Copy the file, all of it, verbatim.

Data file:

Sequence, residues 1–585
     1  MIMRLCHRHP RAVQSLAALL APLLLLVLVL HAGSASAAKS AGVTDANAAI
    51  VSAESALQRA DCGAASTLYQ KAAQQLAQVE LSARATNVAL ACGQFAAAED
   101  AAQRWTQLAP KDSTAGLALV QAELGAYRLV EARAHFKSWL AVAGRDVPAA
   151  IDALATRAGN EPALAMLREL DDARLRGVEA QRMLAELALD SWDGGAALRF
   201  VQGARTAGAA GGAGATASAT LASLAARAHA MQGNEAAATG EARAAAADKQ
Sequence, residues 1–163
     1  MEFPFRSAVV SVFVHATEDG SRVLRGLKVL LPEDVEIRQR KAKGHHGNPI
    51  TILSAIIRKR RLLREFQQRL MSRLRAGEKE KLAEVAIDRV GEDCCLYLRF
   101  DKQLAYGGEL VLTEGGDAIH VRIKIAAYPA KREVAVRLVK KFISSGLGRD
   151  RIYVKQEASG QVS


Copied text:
Sequence, residues 1–585
     1  MIMRLCHRHP RAVQSLAALL APLLLLVLVL HAGSASAAKS AGVTDANAAI
    51  VSAESALQRA DCGAASTLYQ KAAQQLAQVE LSARATNVAL ACGQFAAAED
   101  AAQRWTQLAP KDSTAGLALV QAELGAYRLV EARAHFKSWL AVAGRDVPAA
   151  IDALATRAGN EPALAMLREL DDARLRGVEA QRMLAELALD SWDGGAALRF
   201  VQGARTAGAA GGAGATASAT LASLAARAHA MQGNEAAATG EARAAAADKQ
Sequence, residues 1–163
     1  MEFPFRSAVV SVFVHATEDG SRVLRGLKVL LPEDVEIRQR KAKGHHGNPI
    51  TILSAIIRKR RLLREFQQRL MSRLRAGEKE KLAEVAIDRV GEDCCLYLRF
   101  DKQLAYGGEL VLTEGGDAIH VRIKIAAYPA KREVAVRLVK KFISSGLGRD
   151  RIYVKQEASG QVS